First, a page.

Russia to import rather than buy 'outdated' arms: minister
Russia will import arms rather than buy its own outdated models, the defence minister said Monday, slamming the failure of the domestic defence industry to meet modern standards.
In an interview with the weekly Russian Newsweek, Defence Minister Anatoly Serdyukov said Russia was forced to look abroad as it plans to spend more than 600 billion dollars on modernizing the armed forces in the next years.
"Our weapons often do not meet the required standards," Serdyukov said.
"We are acting as consumers in this situation... Our producers want to issue outdated models, but we don't want to buy them."
Russia, the world's the second-largest arms supplier, has been in talks with France on possibly buying Mistral-class warships -- which would be its first ever purchase of military hardware from a member of NATO.
However, the talks have stalled amid disputes over the technology transfer.
"There are the same issues with the Mistral. The Russian military-industrial complex does not meet our standards. Therefore, we are talking about buying imported ships," Serdyukov said.
He added that Russia was even interested in buying technology from its former Cold War foe and the world's top weapons producer the United States but did not elaborate further.
Russia last month announced plans to triple its defence spending to 19 trillion rubles (613 billion dollars, 454 billion euros) over the next decade as part of a drive to modernise its Soviet-era army.
But Serdyukov, a civilian former tax official installed by the Kremlin in 2007 to push forward difficult reforms, admitted that corruption and kick-backs on weapons contracts remained a paramount problem.
"When I came to the ministry, I can honestly say the amount of theft was daunting. That sentiment has not yet faded: the finances are lax and people, who have never once been audited, act with impunity," he said.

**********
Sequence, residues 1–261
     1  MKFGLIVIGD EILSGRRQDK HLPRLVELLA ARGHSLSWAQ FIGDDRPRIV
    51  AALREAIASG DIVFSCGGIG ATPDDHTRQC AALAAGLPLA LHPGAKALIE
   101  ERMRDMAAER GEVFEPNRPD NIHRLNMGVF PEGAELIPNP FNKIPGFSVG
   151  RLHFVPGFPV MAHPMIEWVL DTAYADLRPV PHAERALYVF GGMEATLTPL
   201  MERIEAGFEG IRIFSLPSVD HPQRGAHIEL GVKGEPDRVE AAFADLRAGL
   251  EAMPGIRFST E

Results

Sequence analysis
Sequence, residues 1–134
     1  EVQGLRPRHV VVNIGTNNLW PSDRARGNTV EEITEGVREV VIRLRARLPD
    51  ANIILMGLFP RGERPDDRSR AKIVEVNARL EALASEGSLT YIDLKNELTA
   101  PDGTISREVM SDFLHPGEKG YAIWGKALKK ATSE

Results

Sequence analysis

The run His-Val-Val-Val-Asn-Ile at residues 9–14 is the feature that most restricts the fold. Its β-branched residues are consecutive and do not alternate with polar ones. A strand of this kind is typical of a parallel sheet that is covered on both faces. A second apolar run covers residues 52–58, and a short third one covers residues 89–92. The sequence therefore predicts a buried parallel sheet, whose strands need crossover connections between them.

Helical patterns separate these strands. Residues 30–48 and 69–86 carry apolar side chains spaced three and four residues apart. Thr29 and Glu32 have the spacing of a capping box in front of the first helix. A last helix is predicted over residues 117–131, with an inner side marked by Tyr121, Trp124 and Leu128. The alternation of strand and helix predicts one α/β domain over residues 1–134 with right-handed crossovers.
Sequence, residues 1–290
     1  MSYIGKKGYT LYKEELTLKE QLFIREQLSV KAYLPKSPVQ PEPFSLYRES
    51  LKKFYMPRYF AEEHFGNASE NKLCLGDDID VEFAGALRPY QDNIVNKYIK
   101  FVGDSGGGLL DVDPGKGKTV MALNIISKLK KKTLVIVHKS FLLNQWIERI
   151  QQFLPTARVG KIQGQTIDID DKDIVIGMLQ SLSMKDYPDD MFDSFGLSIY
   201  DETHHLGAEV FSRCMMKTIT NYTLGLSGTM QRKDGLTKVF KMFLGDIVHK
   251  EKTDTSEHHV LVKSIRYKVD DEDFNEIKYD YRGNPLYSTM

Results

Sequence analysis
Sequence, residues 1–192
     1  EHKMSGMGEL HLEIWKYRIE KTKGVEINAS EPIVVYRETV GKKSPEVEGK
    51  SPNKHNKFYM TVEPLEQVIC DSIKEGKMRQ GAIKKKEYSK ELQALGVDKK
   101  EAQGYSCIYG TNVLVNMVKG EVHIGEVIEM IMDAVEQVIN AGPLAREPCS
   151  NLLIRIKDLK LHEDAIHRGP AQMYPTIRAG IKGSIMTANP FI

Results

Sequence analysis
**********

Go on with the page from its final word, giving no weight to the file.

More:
Last month, President Dmitry Medvedev witheringly described the state of Russia's weapons sector as "quite bad, quite difficult."
Only about 10 percent of Russia's armaments meet modern military standards, with much of the remaining hardware dating back to Soviet times, military expert Pavel Felgenhauer wrote in the Novaya Gazeta newspaper.
The weapons purchases are just part of a massive reform of the armed forces which gained speed after Russia's 2008 war with Georgia showed up the need to overhaul its outdated command structure, unchanged since 1945.
But despite the unprecedented arms spending, Serdyukov acknowledged Russia had shelved plans to move to a system of a fully professional army, in line with all other G8 powers, due to a lack of funds.
"We could have foregone rearming and spent the money on the development of a contract-based army. But then we would have had outdated weapons that would not have met modern technological and weapons standards," Serdyukov said.
Previous attempts have failed because the army was not prepared to offer its soldiers competitive salaries, he said:
"It was completely clear that a contracted soldier would not join the army for 7,000 rubles a month (230 dollars,167 euros), if they could earn at least 15,000 as civilians."
Reform initiatives to build a professional Russian army have thrice failed since the 1991 Soviet collapse, when the nation's military might crumbled and its manpower fell from about four million to one million troops today.
The army now relies on one-year conscription to fill its ranks.
© 2010 AFP